I am a Writer
by Judith Poole
1975. I am at Star Market, placing an assortment of items in my cart. It is the middle of the day. Ordinarily I would be at work at this hour. A massive dose of prednisone had been prescribed a month earlier. My thoughts took off at the gate, soaring far into the ethers where we feel more at home. The supermarket is full of mothers with children, and other women who I assume to be mothers as well with older kids now sitting in orderly rows behind wooden desks bearing the initials of the generations who preceded them. Quite possibly they are being fed the same information from the same textbooks that were being fed to their mothers who line the aisles where I shop.
For weeks poetry has spilled out of me landing helter skelter on the floor and walls and occasionally on a piece of paper in front of me. I know it to be poetry because it is not prose, and because my heart beats in a certain way as the words wend their way out from the deepest recesses of that internal space. I think of maps of islands like Australia, with busy coasts and vast uncharted interior regions.
My focus these days is on what sets me apart, separating me, taking my perverse satisfaction in my familiar painful wounded isolation. I know myself to be like no fellow supermarket shoppers. I have failed miserably in a lifetime's attempt to become the consensus majority. Now I undertake an intense study of "other" to learn what I am not.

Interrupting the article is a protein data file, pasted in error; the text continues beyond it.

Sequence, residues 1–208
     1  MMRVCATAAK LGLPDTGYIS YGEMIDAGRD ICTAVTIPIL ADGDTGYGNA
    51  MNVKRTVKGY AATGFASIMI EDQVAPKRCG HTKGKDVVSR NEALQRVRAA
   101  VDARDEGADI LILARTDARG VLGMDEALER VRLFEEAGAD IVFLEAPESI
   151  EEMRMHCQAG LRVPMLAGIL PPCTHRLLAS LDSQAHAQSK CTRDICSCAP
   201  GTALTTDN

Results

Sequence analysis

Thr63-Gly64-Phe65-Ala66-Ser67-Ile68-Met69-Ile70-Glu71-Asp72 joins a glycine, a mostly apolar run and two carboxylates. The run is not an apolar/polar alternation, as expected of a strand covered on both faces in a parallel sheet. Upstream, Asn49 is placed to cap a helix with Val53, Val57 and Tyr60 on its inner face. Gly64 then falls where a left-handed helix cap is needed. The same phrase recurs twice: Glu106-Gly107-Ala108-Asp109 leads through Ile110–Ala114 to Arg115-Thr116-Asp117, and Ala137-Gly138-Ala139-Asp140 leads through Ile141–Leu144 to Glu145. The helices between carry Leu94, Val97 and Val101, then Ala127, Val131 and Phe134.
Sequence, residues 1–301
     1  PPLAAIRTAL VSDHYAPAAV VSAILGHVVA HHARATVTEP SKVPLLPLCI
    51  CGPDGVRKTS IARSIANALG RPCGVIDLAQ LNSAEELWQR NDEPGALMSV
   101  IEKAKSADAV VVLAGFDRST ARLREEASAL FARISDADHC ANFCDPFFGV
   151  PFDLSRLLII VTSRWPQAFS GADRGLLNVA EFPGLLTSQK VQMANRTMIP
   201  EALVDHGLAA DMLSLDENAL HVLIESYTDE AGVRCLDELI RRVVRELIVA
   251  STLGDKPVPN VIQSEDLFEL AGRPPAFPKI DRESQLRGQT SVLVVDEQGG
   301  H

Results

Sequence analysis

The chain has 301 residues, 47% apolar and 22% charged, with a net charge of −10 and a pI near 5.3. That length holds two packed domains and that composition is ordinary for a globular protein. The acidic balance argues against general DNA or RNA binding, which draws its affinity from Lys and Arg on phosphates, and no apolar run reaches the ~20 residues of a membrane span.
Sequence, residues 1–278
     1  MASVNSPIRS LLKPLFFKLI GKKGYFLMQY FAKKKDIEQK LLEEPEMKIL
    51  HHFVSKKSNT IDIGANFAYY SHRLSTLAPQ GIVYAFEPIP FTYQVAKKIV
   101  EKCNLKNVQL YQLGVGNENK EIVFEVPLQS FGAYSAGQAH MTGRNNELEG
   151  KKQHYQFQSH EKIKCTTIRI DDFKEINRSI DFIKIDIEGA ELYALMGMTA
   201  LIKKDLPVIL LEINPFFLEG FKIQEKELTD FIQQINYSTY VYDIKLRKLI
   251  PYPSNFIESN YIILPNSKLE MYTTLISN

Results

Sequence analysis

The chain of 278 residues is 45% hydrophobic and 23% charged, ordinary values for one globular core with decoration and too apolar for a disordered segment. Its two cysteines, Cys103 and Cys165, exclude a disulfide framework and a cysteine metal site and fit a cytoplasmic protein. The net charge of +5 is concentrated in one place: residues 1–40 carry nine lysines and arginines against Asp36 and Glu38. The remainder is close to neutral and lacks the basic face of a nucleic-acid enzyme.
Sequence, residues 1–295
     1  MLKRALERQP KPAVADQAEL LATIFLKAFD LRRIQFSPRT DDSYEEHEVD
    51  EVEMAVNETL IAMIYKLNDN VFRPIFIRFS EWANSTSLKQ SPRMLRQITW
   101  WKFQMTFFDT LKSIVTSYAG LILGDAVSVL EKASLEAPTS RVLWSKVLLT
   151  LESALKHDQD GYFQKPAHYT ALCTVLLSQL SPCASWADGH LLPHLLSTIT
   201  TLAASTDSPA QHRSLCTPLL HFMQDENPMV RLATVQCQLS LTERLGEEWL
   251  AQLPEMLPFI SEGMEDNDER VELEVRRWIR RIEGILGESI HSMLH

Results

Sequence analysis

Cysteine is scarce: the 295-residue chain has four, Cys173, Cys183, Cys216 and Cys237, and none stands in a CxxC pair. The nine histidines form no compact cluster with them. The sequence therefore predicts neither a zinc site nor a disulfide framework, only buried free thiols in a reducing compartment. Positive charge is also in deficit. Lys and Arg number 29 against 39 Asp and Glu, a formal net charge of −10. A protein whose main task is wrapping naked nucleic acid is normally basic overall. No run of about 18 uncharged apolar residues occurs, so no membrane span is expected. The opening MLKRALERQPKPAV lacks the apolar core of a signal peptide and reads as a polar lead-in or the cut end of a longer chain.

From out of the blue, a thought arises from nowhere to strike me on my noggin. Every one of these women pushing caged baskets of packages promising nourishing meals in moments could wield a pen without my knowledge. Perhaps at heart we are all poets. Well, maybe not everyone.
But surely more than just me. Something in that vast internal terrain shifted just enough to allow me the luxury to call myself a poet. I let this thought play between the hemispheres of my cerebral lobes before I let the word form. Slowly it sifts down deeper. I declare it to myself, and then out loud. I like how it feels on my tongue. "I am a POET!" I declare to no one in particular, and everyone in general. So much better than the myriad self-definitions that race around wild nipping me at my heels like packs of wild hyenas, jackals, and flocks of vultures.
From POET to WRITER is like hopping stones in a brook. It helps to have got a few things printed somewhere, even though that isn't what makes a Poet a Poet nor what makes a Writer a Writer. Declaring oneself a Writer is a way to tell others how one experiences the world, from a deeper place, or a more detached one, or just at its perimeter.
A writer is a Crone, a Sorcerer, a Wise Woman, an Alchemist, a Magician. Her raw material is everything. She has poetic license to see it her way, and to record it as she wishes. And in the doing, her power is enormous, for in the keeping of the record, the fabric is woven for the first time.
A writer needs no external permission for this declaration. No publisher, gate-keeper, critic, or expert can decide who is a writer. It is a self-selected club. We chose ink to flow in our veins over blood. We chose to see behind the seen and to keep our antenna divided equally between the muse and the "real" world unfolding before our eyes.
Click to see "Hug", "Pansy Beds", and "A Tale For Year's Ending"